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Research on Depression in the Workplace.

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Mental Health Matters Journal for Psychiatrists & GP's

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Literacy is a luxury that many of us take for granted.  We depend on written communication for information, guidance, and access to heath care information That is why SADAG created SPEAKING BOOKS and revolutionized the way information is delivered to low literacy communities. It's exactly what it sounds like.a book that talks to the reader in his or her local  language, delivering critical information in an interactive, and educational way.

The customizable 16-page book, accompanied by local celebrity audio recordings, ensures that vital health and social messages can be seen, heard, read and understood..

We started with books on Teen Suicide prevention , HIV, AIDS and Depression, Understanding Mental Health and have developed over 30 titles, such as TB, Malaria, Polio, Vaccines for over 30 countries.

suicide speaking book

Unemployment and its accompanying stress exact a huge toll on mental health, especially after many months and without a clear end in sight. But for some people who are employed, the pressures of deadlines, increased workloads, high-stakes presentations, and other job demands can leave them feeling overwhelmed and stressed out.

According to
a national survey on anxiety in the workplace, 79 percent of workers in the United States suffer from stress and anxiety daily. More than half reported that stress and anxiety most often affects their performance at work, relationships with coworkers, and their quality of work.

National Stress Øut Week takes place November 6–12. This year ADAA encourages you take time to relax, discover the difference between everyday anxiety and an anxiety disorder, and pick up tips on managing stressful situations at work.

Tips for Stress Management at Work

· Practice time management. Make to-do lists and prioritize your work. Schedule enough time to complete each task or project. Use the ADAA desk calendar Women Talk: Open the Dialogue — Triumph Over Anxiety Disorders.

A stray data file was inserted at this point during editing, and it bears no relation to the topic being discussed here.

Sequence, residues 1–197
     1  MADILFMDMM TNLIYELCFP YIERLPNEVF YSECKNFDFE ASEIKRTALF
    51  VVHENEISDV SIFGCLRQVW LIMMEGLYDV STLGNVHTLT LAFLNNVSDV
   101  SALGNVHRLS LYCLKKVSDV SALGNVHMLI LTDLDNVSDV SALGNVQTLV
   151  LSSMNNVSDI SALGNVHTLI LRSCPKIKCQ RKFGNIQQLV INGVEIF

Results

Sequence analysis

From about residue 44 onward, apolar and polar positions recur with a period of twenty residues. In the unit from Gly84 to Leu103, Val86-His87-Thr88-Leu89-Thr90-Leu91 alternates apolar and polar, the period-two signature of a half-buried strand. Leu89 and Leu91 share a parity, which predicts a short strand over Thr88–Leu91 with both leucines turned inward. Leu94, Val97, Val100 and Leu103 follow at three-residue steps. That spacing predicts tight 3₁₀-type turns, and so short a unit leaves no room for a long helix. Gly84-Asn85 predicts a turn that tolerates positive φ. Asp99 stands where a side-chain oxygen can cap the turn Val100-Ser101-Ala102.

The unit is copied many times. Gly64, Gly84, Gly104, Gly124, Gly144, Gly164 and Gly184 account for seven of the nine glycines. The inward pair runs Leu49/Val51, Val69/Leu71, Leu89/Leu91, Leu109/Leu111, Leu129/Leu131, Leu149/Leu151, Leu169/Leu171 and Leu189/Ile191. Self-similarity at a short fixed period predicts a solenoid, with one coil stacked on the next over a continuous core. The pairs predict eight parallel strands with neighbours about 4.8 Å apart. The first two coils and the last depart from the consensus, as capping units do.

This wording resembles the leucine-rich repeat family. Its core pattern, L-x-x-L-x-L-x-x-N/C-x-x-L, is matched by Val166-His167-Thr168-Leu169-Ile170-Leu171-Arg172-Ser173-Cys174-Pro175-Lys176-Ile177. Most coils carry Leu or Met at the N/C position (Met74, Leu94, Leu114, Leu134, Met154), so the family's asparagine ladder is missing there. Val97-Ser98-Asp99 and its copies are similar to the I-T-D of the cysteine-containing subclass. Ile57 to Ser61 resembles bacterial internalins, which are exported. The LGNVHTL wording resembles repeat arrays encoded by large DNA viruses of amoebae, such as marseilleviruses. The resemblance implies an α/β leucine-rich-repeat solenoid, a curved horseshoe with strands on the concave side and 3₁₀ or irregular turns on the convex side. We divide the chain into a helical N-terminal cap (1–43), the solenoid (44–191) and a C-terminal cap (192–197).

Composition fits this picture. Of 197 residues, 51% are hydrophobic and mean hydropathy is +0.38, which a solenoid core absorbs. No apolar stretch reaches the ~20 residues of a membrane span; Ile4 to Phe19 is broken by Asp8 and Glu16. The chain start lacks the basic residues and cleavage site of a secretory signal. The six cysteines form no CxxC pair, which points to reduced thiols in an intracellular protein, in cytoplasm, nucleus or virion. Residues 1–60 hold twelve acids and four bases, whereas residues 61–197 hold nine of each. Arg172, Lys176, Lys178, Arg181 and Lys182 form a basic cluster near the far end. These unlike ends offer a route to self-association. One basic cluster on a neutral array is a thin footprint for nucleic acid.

· Plan and prepare. Get started on major projects as early as possible. Set mini-deadlines for yourself. Anticipate problems and work to prevent them.

· Do it right the first time. Spend the extra time at the outset and save yourself a headache later when you have to redo your work.

· Be realistic. Don’t overcommit or offer to take on projects if you don’t realistically have enough time.

· Ask for help. If you’re feeling overwhelmed, ask a coworker for help. Later you can return the favor.

· Communicate. Speak up calmly and diplomatically if you have too much to handle. Your supervisor may not realize you’re overextended.

· Stay organized. Filing and clearing your desk and computer desktop may rank low on your priority list, but they can save you time in the long run and may prevent a crisis later.

· Avoid toxic coworkers. Try to ignore negativity and gossip in your workplace.

· Take breaks. A walk around the block or a few minutes of deep breathing can help clear your head.

· Set boundaries. Try not to bring work home with you. Don’t check your work e-mail or voice mail after hours.

· Savor success. Take a moment to celebrate your

· good work before moving on to the next project. Thank everyone who helped you.

· Plan a vacation. You’ll be rejuvenated and ready to work when you come back.

· Take advantage of employer resources and benefits. Your workplace may offer an Employee Assistance Program (EAP), discounts to gyms, or skill-building courses. Learn what’s available to you.

· Be healthy. Eat healthfully, get enough sleep, exercise regularly, and limit caffeine and alcohol. Try to keep your body and mind in shape to handle challenging situations


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